Tuesday, September 25, 2007

Roger Urban visits the NYPL ... and brings copies of Life Behind the Metaphor

Last week, Roger Urban made a trip from Boston to New York City to visit the New York Public Library for the Performing Arts at Lincoln Center. With him, he brought several advance copies of Life Behind the Metaphor. Acme Bookbinding was kind enough to speedily and expertly hand-bind these copies (ahead of the main batch) just for this occasion.

The books were extremely well-received. Visiting supporters of the Jerome Robbins Dance Collection stopped by to view the copies—as well as a few large-format prints of the photographs of Nureyev in action—and oohed and aahed over them. Roger later reflected, "I realize that I don't have the words to explain to people just how good the quality of this book is. If they've never seen a book of this quality, they don't understand what I'm talking about—until they hold a copy in their hands."

Soon! Life Behind the Metaphor is set to be released on October 1. You can pre-order now at www.nureyevlegacy.com.

Thursday, September 6, 2007

Life Behind the Metaphor: PUBLISHING UPDATE

News on the production of our deluxe book of never-before-seen photographs of Rudolf Nureyev:

Life Behind the Metaphor has been printed!

The pages have come off the presses at Dual Graphics and have been shipped from California to Massachusetts by FedEx Freight, who generously donated the freight shipping costs for this important project.

Next stop is Acme Bookbinding, where the raw sheets will be trimmed, folded and gathered, and then bound, and the dust jackets folded and slipped on. Books almost ready ...!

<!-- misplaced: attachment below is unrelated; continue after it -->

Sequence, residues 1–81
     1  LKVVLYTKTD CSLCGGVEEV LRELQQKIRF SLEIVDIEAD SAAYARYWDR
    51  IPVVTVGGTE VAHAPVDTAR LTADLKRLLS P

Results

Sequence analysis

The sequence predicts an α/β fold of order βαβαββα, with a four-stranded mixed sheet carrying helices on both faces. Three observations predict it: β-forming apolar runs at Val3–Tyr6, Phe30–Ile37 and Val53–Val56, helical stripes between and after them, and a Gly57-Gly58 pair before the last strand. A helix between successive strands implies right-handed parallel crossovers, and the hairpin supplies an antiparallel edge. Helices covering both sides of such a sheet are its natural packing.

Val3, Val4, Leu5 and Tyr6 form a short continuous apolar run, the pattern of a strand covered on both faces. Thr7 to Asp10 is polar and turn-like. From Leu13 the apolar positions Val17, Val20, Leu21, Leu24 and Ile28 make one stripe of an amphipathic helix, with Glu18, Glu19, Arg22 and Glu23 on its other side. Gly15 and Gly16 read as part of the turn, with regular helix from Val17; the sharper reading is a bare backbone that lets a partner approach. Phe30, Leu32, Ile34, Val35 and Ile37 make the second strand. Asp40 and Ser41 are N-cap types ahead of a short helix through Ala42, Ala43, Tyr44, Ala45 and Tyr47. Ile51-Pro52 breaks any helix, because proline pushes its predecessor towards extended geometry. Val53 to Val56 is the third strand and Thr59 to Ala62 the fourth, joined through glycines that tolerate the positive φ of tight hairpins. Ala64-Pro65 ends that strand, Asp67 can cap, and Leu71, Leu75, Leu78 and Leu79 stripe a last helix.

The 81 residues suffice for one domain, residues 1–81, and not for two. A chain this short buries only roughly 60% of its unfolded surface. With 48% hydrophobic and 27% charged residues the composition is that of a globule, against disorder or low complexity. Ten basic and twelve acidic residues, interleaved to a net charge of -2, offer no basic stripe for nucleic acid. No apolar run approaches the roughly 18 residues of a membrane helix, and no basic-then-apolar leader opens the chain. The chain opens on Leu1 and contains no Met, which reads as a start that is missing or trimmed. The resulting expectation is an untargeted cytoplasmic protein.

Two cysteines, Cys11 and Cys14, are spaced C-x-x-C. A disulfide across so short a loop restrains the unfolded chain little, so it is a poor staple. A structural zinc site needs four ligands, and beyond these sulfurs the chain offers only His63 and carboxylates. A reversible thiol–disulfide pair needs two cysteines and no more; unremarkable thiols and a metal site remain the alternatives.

Saturday, September 1, 2007

"Nureyev: The Russian Years" postgame wrap-up

We've now read through just about every newspaper review of PBS's "Nureyev: The Russian Years," and just about every base seems to have been covered. Personal reactions to add to the pile:

Nureyev is hypnotic. It sounds like a terrible cliché, but it's true. When you see him in the opening moments of the film, as the press asks questions and he says nothing, or when you listen to him speak, years later, about his early life, there's a mesmerizing quality that makes it difficult to look away.

It's fascinating to see how dramatically his technique improved. The early films do show some stunning feats—such as his machine-gun execution of pirouettes in "Le Corsaire"—but they also show the sometimes awkward lack of poise of a young dancer (or perhaps simply a young man). But the films of his post-defection work show no flaws. This level of polish made photographer Roger Urban's work in Life Behind the Metaphor much easier—every frame was guaranteed to be beautiful. As Richard Benson, Dean of the Yale University School of Art, says in his essay in the book: "...the dancer makes the movement so that when well done every part is right; in theory we could stop it anywhere and see perfection."

And finally, a link to a letter from a viewer of the documentary that appeared in the San Francisco Chronicle, reflecting upon Nureyev in action:

I find it hard to explain what Nureyev did that was so spellbinding. He certainly defied gravity in an explosive way, but perhaps the most striking memory I have is of him circling the stage as Romeo, below Fonteyn's Juliet, up on her balcony. The image of the way he carried himself - the animal grace and the weightedness of him (unlike many ballet dancers) - as he ran, with his cape flying behind him and his aquiline features barely picked out by the dim stage lighting - is seared on my brain. It is something so beautiful - so fleeting and mysterious - you wish you had words to describe it so others can understand what you mean ... but words fail miserably.